50 Questions with Photographer Alec Soth

Barbara Merkley

Lead ImageCarmen. Williams, Arizona, 2020© Alec Soth Courtesy: Sean Kelly, New York

Like his photographs, Alec Soth is gentle, unassuming, and possessed with tremendous sensitivity and depth. He crafts his own path by bearing witness to his subjects without disturbing the scene as it unfolds. Highly attuned to the moment, he sees invisible connections across time and space that allow us to understand who we are as a people and as individuals. 

Combining verse with light, Soth creates sonnets, elegies and odes to American life that engage both intuition and the imagination in equal measure. In 2018, Soth embarked on a journey following the route of Abraham Lincoln’s funeral train from Washington DC to his hometown of Springfield, Illinois, as a means of mourning the schism that has torn this country in half – just as it did 160 years ago during the Civil War.

In 1865, poet Walt Whitman stood along that very route and composed the elegy, When Lilacs Last in the Dooryard Bloom’d. After realising the need to broaden his scope, Soth drew inspiration from Whitman’s Song of the Open Road and adopted a stream-of-consciousness approach to making work, literally throwing a dart on a map to see where he would drive to next. Over the next three years, Soth travelled the nation, using his camera as a way to engage with people and the landscape.

The result is A Pound of Pictures, a monograph from Mack Books and exhibitions with concurrent shows at Sean Kelly in New York, Weinstein Hammons in Minneapolis and Fraenkel Gallery in San Francisco. The title was inspired by a Los Angeles vendor who sold photographs “by the pound”, a notion that resonated with Soth. “How much does a photograph weigh?” he writes in the book. “Nowadays this question sounds as absurd as measuring sunlight on a bathroom scale. But for those of us who’ve made a life out of recording light, there’s mass to the amassing. Negatives, contact sheets, enlargements, books – a tonnage of reflections.”

A Pound of Pictures is a window into both our world and Soth’s process itself. In every photograph, there is what we see and what lies beneath. Much the same way, Soth answers our 50 questions with consideration, sincerity and just the right amount of playfulness.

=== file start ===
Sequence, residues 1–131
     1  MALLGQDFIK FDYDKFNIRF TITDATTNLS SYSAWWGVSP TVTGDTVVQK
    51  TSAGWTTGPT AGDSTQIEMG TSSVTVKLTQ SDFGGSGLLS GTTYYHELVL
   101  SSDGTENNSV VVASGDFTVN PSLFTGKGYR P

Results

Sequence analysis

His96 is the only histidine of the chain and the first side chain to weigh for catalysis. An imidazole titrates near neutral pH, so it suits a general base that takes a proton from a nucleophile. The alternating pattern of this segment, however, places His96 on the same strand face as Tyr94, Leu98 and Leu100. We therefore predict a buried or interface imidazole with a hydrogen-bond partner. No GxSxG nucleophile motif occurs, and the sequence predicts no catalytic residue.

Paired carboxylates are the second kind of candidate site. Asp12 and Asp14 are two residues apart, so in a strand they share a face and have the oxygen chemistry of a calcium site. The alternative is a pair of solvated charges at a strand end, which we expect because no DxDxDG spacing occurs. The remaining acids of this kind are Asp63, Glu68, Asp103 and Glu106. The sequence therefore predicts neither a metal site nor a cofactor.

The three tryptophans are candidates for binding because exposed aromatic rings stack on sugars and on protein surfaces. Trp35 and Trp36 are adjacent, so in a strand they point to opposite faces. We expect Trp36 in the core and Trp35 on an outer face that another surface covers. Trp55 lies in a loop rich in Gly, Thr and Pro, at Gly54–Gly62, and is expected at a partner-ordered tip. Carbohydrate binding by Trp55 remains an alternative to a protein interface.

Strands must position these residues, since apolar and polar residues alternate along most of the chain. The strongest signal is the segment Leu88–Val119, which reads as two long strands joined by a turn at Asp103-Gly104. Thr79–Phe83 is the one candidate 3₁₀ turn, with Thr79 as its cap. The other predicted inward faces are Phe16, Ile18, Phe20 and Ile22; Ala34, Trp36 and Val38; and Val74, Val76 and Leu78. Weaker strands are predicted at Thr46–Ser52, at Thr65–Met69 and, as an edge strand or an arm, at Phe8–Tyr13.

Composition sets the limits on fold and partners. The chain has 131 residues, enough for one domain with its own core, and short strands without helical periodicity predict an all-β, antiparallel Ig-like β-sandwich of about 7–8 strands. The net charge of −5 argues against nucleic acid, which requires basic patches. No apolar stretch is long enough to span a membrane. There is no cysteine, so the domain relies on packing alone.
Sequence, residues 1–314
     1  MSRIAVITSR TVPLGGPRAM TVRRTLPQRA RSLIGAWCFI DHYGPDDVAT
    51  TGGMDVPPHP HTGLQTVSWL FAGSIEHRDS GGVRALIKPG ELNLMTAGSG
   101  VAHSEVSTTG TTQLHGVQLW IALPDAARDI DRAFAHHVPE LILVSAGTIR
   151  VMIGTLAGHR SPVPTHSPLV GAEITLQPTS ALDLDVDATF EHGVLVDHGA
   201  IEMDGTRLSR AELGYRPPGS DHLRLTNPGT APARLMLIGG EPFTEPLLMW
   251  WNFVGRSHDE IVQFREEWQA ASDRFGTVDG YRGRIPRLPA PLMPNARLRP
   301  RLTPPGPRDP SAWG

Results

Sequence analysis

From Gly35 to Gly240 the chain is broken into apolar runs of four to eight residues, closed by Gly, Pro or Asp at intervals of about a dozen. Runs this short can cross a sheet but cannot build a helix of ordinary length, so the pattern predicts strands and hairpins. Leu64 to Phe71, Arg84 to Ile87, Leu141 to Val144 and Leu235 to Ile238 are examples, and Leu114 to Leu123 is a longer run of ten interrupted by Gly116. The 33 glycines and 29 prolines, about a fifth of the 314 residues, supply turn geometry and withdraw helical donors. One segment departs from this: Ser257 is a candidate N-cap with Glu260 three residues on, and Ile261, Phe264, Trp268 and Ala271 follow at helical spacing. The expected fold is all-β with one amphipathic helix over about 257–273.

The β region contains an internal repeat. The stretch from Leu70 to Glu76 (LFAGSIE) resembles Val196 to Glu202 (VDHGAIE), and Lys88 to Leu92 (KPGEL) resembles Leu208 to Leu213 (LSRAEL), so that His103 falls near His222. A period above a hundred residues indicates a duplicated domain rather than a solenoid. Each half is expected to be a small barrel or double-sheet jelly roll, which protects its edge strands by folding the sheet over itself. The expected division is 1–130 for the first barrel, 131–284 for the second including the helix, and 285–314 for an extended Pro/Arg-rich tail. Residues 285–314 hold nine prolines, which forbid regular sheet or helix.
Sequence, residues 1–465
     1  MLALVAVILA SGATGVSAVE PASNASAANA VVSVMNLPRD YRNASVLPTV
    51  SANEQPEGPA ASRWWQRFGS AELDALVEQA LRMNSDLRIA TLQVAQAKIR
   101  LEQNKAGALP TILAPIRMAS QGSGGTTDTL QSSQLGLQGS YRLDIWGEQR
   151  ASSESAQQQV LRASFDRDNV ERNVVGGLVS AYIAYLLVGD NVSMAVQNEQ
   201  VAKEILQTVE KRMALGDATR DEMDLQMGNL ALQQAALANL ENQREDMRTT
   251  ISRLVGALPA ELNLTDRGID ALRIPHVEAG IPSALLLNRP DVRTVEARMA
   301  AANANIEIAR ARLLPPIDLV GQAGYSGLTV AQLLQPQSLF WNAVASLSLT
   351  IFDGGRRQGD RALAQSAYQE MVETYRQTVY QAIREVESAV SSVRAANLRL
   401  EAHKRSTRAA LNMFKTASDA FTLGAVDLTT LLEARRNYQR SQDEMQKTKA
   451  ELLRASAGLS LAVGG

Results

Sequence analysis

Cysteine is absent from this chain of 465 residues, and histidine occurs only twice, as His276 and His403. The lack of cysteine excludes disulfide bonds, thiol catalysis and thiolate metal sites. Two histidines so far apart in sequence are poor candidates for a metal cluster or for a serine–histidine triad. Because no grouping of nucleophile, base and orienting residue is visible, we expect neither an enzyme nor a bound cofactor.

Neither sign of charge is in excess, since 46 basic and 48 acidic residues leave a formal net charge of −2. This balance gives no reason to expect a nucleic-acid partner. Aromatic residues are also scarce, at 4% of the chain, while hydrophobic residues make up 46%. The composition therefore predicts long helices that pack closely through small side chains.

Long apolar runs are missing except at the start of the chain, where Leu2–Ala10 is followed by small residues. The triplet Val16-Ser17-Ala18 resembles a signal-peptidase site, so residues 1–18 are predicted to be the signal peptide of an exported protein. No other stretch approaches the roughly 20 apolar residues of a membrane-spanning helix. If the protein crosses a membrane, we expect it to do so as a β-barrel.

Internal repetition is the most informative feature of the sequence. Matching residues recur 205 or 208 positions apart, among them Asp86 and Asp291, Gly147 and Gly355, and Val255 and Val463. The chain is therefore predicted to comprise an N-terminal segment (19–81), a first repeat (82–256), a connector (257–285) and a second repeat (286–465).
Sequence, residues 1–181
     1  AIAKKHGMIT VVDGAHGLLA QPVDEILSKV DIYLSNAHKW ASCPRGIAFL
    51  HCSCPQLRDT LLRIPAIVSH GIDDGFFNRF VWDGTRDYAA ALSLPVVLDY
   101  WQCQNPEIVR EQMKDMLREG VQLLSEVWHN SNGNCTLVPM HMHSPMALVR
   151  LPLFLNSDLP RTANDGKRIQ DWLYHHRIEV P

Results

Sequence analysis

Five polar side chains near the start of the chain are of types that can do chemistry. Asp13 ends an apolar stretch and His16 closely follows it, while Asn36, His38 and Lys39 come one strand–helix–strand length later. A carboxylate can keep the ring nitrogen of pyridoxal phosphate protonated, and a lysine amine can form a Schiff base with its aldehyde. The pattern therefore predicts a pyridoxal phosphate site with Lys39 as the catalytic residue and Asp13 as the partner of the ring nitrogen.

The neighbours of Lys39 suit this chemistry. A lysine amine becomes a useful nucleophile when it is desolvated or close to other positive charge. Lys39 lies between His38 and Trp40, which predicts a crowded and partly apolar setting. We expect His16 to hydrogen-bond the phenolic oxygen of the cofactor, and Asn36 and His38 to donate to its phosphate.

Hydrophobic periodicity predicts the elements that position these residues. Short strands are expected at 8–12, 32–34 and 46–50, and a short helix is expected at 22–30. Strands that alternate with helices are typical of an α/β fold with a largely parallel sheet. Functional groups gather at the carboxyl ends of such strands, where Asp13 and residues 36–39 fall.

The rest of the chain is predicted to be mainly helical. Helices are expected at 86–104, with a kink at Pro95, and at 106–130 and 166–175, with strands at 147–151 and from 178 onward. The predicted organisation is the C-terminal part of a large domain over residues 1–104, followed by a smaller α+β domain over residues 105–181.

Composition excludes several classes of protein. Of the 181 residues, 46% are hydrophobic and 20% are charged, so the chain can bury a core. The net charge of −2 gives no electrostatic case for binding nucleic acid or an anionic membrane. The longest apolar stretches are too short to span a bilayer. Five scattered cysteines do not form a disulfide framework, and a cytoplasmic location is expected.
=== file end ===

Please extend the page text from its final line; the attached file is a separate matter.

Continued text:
1. What is the first piece of art you ever created? 

I made a handmade book for my cousin when I was a little boy and I was so proud of it.

2. Where do you go to get inspired?

I try to go inside. I close my eyes and sometimes imagine I have a secret museum of my mind. I try to imagine going there and seeing what I see.

3. Where do you go to create?

I am a homebody and an introvert but for whatever reason to make work, I have to go out in the world to create. 

4. What is the happiest accident you ever had making art?

I shoot on film and you can accidentally double expose the film. Normally it’s a disaster but I had one that was magical and became one of the signature pictures of my last project, I Know How Furiously Your Heart is Beating.

5. When did you feel like you made it?

When I received copies of Sleeping By the Mississippi, the first book that I published, because it was a physical tangible thing.

6. Who is your favourite poet?

William Carlos Williams.

7. Where do you go to renew your spirit?

My library.

8. What is your favourite time of day or night?

Early morning when it’s still quiet.

9. What is your favourite journey?

Always a road trip, always in a minivan, and I still like going along the Mississippi River even if I don’t make work. 

10. What music do you play while road tripping?

Very early on I found Low, a band from Minnesota, and recently they came out with a new album so I’m listening to them again.

11. What’s your go-to meal at a highway rest stop or local diner?

It’s funny. As you are speaking my daughter is handing me a hamburger and French fries, which is not my go-to meal. It’s an egg salad sandwich.

12. What’s your favourite American tourist destination?

Graceland. I’ve been to Memphis so many times but I hadn’t gone because I was snobby against it – and then I loved it. It’s actually quite modest.

13. What’s the most surreal town or city you’ve ever visited in the US?

Nome, Alaska, in the summer. It’s light all day long.

14. What’s the best discovery you’ve ever made while wandering?

In a used bookstore, I found a legitimately signed Andy Warhol book. It’s a metallic pop-up book and it’s super rare.

15. What’s your favourite thing about Minneapolis?

I can live pretty anonymously there. It’s very comfortable.

Where do you go to renew your spirit? ”My library”

16. If we came to Minneapolis, where should we go?

All my go-tos have been torn down. It’s really painful. But yes, our most famous nightclub: First Avenue.

17. What is the mood in Minneapolis these days?